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Getting Things Done - Mind Like Water

David Allen's, Getting Things Done methodology focuses on actions to help us become more productive with our day. But he also stresses that success isn't measured by how much you get done but rather your state of mind when getting things done.

Before reading GTD some years ago, my impression of David Allen was as a hyper driven, hyper organzed productivity machine.  The reality is quite different. His goal wasn't to be more productive but rather to clear his mind or mental space with the ultimate goal of being more happy.  David Allen credits Zen Buddhism and Karate as influences in developing the GTD framework.  

"Imagine throwing a pebble into a still pond. How does the water respond? The answer is, totally appropriately to the force and mass of the input; then it returns to calm. It doesn't overreact or underreact."
- David Allen -

This mind like water state, where you respond appropriately without overreacting or underreacting, is the productive state where you are in control, not stressed and highly focused.  Allen's GTD's main purpose is to keep you in that state or at least get you closer to it when you feel out of control, highly stressed and out of focus - having an unclear mind. 

The Book

Getting Things Done: the art of stress-free productivity, is a great resource to help one getgettingthingsdonecover_271152801.jpg
control of their life or a parts of it, such as work, school or even something personal.  Make sure you get the latest 2015 published version as it is rewritten for the digital, 24/7, global life we live today. First published in 2001, the book has remained very popular for so long the fad label that many self improvement philosophies get does not apply. I really like GTD because you can apply it incrementally with success, rather than having to change your whole life, like other self improvement methodologies seem to require. I will just briefly cover the major components of the GTD framework and perhaps you will read it yourself.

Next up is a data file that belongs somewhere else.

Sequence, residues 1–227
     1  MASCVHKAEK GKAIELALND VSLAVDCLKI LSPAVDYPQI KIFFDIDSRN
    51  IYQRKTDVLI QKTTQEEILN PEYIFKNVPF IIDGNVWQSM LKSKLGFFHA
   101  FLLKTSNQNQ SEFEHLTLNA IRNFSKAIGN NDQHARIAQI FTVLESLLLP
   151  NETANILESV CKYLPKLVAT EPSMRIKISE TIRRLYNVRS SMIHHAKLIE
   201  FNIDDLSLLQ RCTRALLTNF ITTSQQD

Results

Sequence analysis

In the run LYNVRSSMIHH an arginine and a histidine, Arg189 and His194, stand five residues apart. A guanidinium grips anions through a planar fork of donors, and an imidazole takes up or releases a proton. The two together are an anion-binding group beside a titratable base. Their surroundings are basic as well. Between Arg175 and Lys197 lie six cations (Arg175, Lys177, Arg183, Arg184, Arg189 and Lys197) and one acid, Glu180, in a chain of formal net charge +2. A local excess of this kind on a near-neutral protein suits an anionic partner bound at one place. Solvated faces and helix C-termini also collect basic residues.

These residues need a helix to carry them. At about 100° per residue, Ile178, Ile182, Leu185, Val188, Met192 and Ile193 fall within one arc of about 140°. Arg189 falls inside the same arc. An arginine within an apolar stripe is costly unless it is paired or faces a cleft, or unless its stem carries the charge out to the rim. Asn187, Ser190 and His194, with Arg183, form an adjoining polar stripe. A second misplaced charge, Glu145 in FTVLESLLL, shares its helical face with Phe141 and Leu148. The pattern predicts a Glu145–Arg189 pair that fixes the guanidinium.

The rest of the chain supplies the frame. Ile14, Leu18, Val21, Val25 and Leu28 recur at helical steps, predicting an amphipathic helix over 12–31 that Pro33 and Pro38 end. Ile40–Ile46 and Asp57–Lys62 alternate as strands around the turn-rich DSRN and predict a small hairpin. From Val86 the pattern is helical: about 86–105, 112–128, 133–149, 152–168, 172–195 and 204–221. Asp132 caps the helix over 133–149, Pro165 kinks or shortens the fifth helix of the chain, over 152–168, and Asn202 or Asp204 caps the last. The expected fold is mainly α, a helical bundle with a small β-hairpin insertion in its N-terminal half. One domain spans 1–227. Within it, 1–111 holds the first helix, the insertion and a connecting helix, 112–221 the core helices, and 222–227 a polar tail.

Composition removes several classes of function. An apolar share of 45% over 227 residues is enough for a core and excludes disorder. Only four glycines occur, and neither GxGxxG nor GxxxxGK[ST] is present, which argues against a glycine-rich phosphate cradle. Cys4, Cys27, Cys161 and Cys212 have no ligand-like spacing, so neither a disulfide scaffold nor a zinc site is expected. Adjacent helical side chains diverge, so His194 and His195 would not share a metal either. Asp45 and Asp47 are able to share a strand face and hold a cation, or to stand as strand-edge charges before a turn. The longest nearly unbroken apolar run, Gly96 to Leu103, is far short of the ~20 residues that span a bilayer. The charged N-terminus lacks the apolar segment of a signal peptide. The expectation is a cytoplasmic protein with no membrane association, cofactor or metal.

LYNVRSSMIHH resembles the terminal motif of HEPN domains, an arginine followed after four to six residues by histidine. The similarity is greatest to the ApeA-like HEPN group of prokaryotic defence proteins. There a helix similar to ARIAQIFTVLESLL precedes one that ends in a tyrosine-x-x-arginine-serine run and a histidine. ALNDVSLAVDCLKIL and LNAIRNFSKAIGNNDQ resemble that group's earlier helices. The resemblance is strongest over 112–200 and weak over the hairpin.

5 Step Method for Managing Your Workflow

The heart of GTD is to manage our workflow - our life and work is constantly giving us experiences as inputs and changes and we turn those into experiences as output.  How we approach this is the key to GTD.

Capture - this is the in tray for your life.  In order to clear your mind you need to use some tools to capture all of the incomplete items or changes you want to make from your head and the many other places you may keep this information.  Which tools (capture system) you use are not as critical as meeting the following three requirements as explained in the GTD book:
  1. Every open item must be in your capture system and out of your head.
  2. You must have as few capture systems as possible.
  3. You must empty the capture system regularly.

Clarify - for each captured item you determine what it is, is it actionable and if so what is the next action.  This is the processing step of clearing your capture system or inbox.  It's not necessarily doing the task but it's making the quick decision on - if, when and who to do it.  For non-actionalble items you decide to trash it, place it into a someday category or a reference file if its useful information.

For actionable items - if it would take you less than two minutes to complete then you just complete it.  Anything longer, you decide to delegate to someone else (waiting for) or defer for later time (calendar or next actions).  As a result you will have trashed some items, filed it away, completed the quick ones and have a pending group of defered and delegated items.  These are the ones you deal with in the next step.

Organize -  having an effective physical organizational system is what allows you to clear your mind.  This system simply matches what it means to you based on the clarify step preceding this one. If you decided something is a reference then you need a physical location (digial or analog) to place it in.  The basic cateGTD_flow.jpggories that Allen's GTD methods require are:

  1. A Projects list
  2. Projects support material
  3. Calendar actions and information
  4. Next Actions list
  5. A Waiting For list
  6. Reference material
  7. A Someday/Maybe list

The above just need to be lists and/or folders.

Reflecting - as with any system or process it's essential to have a periodic point to step back and review both the daily process of committments and also from the big picture.  This step is what allows you to see if you may be missing something or if you are really heading in the direction you desire.